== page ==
“The biggest barrier for the moment is cultural beliefs about the causes of diseases [...]. The first source of help [for many patients] is witchdoctors and local remedies." -- Louis Samiak, chairman of public health at the School of Medicine and Health Services at the University of Papua New Guinea
On World Tuberculosis (TB) Day, observed on Mar. 24, the country’s health experts spoke out about the challenges they face in tackling a disease that thrives in communities struggling against hardship and inadequate access to information and basic services.

“The biggest barrier for the moment is cultural beliefs about the causes of diseases. TB is a disease with long incubation and the first source of help [for many patients] is witchdoctors and local remedies. When patients present late [at health facilities] with advanced disease, it is difficult to treat,” Louis Samiak, chairman of public health at the School of Medicine and Health Services at the University of Papua New Guinea, told IPS.

Disease symptoms include fever, chest pains, fatigue, weight loss and cough, frequently with sputum and blood, which results in the airborne spread of bacteria.

The illness transmits quickly in overcrowded impoverished settlements and in Papua New Guinea, where sanitation coverage is only 19 percent and less than half the population have access to clean water, it is the leading cause of hospital deaths.

In rural villages of Kikori District in the southern Gulf Province the TB incidence rate is an alarming 1,290 per 100,000 people, according to the Papua New Guinea Institute of Medical Research. The national prevalence is 541 cases per 100,000 people, compared to the global average of 126.

The campaign to halt the epidemic in Gulf Province is supported by the international medical non-governmental organisation Doctors Without Borders (MSF). Operating from the main town of Kerema, MSF has since last year diagnosed an average of 50 new TB cases every month, inlcuding patients as young as 10 months.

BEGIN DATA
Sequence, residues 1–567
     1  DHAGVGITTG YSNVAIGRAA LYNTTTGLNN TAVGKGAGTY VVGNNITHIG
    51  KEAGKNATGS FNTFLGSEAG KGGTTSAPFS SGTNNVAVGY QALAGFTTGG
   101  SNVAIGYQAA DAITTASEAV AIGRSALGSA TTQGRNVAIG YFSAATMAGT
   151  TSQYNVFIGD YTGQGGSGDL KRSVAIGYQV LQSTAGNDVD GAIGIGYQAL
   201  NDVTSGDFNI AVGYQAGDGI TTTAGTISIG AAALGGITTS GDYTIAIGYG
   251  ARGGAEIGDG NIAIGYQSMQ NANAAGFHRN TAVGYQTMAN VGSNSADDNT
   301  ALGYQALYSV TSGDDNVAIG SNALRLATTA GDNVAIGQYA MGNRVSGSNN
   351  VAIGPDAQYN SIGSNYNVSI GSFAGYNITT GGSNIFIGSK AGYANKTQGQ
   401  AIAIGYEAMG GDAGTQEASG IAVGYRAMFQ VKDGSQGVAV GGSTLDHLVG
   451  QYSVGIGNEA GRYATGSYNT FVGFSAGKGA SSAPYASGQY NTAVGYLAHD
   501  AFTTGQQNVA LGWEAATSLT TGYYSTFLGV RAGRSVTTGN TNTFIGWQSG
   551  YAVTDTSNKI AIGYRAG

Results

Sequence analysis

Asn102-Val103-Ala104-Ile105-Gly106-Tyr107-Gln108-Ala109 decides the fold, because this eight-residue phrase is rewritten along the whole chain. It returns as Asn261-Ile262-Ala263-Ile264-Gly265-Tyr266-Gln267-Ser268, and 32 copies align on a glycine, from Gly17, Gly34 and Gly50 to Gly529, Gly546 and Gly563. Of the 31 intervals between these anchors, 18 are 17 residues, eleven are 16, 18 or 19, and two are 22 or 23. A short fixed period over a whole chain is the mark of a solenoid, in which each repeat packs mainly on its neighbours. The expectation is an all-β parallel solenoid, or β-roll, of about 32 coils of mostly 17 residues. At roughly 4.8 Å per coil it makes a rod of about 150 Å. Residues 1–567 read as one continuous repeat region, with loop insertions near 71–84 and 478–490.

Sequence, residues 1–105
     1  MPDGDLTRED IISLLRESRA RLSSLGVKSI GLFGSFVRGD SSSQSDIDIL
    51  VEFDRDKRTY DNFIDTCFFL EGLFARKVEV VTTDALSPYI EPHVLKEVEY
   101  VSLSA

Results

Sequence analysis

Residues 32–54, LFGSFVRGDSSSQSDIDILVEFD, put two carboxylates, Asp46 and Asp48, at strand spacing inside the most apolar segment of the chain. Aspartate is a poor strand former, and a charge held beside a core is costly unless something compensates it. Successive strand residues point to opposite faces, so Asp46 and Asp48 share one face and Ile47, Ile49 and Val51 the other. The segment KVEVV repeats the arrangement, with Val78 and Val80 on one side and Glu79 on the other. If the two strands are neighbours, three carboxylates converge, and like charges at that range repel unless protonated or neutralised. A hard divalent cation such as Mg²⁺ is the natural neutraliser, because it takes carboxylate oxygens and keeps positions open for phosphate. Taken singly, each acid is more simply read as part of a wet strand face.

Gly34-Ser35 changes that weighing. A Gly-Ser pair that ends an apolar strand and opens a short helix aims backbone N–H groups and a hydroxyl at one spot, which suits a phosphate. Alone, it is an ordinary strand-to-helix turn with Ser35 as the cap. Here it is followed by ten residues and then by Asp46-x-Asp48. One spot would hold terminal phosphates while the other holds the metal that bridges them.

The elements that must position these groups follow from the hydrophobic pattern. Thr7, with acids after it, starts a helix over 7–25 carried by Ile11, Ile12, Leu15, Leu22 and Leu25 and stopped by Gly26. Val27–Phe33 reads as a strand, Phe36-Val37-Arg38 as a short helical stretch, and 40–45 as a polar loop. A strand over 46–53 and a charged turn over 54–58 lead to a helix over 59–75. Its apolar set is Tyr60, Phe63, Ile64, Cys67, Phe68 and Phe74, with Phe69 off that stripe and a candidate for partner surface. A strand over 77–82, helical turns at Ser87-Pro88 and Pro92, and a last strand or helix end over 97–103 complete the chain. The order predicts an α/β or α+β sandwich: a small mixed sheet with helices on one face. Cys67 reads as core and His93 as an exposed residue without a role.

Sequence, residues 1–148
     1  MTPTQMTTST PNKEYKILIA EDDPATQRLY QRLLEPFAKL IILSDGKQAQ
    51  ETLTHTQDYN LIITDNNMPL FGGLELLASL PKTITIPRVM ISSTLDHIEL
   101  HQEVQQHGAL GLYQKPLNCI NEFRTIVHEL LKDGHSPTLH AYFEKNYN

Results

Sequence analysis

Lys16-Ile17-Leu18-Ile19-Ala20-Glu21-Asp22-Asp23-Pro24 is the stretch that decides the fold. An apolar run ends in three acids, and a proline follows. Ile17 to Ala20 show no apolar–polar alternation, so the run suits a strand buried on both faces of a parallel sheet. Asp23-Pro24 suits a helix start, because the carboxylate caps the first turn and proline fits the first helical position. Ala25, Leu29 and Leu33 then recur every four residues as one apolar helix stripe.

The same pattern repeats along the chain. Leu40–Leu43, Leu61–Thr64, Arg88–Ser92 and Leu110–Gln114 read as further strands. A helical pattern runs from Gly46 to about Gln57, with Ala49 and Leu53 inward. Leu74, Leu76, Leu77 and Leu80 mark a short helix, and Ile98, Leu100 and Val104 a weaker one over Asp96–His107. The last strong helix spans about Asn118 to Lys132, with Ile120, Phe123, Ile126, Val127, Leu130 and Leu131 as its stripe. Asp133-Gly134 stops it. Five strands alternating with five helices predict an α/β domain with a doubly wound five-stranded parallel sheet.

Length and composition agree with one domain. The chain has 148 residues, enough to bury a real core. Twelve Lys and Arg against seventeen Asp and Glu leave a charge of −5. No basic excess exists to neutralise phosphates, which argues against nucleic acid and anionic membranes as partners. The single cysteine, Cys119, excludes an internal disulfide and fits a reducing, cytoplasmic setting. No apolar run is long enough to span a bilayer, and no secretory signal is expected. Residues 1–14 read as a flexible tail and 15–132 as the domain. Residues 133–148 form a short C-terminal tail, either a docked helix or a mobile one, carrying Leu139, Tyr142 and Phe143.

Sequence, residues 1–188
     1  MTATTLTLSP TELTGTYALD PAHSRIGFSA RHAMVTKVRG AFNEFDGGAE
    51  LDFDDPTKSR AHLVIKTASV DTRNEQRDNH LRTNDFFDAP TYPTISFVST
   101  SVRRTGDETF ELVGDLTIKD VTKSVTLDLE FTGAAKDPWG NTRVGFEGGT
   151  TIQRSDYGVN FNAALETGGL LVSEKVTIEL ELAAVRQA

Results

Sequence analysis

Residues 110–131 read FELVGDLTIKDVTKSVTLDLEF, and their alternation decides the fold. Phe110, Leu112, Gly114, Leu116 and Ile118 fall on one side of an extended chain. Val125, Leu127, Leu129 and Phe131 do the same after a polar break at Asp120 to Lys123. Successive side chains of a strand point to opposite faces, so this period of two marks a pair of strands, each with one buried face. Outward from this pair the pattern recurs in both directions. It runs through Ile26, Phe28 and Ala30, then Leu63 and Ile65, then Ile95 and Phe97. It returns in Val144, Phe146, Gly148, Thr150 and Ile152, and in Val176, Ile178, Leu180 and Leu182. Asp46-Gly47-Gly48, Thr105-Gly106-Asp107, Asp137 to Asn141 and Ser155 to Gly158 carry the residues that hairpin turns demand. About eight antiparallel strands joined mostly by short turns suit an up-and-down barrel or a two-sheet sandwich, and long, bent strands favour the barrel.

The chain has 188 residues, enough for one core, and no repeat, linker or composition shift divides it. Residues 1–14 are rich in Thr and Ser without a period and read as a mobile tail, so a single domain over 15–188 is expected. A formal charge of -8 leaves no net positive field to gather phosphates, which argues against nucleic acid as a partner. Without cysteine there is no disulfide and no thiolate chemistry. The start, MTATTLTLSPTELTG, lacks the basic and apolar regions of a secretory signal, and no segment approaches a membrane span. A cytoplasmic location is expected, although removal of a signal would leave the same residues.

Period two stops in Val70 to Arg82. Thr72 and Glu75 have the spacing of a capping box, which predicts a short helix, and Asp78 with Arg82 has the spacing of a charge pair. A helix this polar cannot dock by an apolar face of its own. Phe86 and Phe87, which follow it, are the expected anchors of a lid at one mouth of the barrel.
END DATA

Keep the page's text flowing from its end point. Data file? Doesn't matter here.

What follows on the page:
Adults aged 15-54 years are mainly afflicted, but youth account for about 28 percent of cases in PNG, while pulmonary TB and TB meningitis contribute to malnutrition and mortality in children.

One mother took her ill six-year-old child to Kerema General Hospital in an arduous journey from her mountain village, which took three hours by boat and two by truck.

“In the beginning, the mother did not understand what TB is, why the child needs treatment every day for long periods and why she has to be away from her village. It took two months to gain her acceptance of the treatment and for her to prepare for living away from the village,” a spokesperson for MSF in Papua New Guinea recounted to IPS.

“But the child is now receiving treatment every day with signs of improvement.”

Threatening disease control efforts is increasing resistance in patients to the strong first-line drugs, isoniazid and rifampicin. Common practice of patients stopping medication as soon as they feel better and not fully completing treatment is the main cause of multi-drug resistant TB in the country, Suparat Phuanukoonnon of the Institute of Medical Research told IPS.

When treatment is interrupted, the lower level of medication consumed fails to eradicate all the bacteria, which then develop resistance in the patient’s body.

In 2013, 4.5 percent of diagnosed TB cases in the country were multi-drug resistant, a significant increase from 1.9 percent in 2010. Drug resistant TB is rising in the rural Western and Gulf Provinces and the capital, Port Moresby, where more than half the population live in squatter settlements.

The impact on development is acute, with 75 percent of people with TB worldwide of working age.

“TB can affect all or any part of the human body. It, therefore, affects the whole person and reduces their ability to be productive to society or their community,” University of Papua New Guinea’s Samiak said.

While sufferers face rising healthcare expenses, the inability to work reduces their incomes. Poverty is perpetuated in the next generation when the disease affects both parents, forcing children to withdraw from school in order to care and provide for the family.

Papua New Guinea is the most populous Pacific Island nation with a population of seven million. But there are immense logistical challenges to fighting infectious diseases in the country, with more than 85 percent living in rural areas with poor, if any, access to roads and readily available transport to urban centres and health facilities.

A further hindrance is insufficient healthcare professionals with less than one doctor and 5.3 nurses per 10,000 people and a decline in the country’s health services since 2002, according to a report last year by the National Research Institute.

It found the availability of basic drugs in health clinics has fallen by 10 percent and visits from doctors dropped by 42 percent in the past decade. Despite rapid population growth, the number of patients seeking medical help per day has decreased by 19 percent.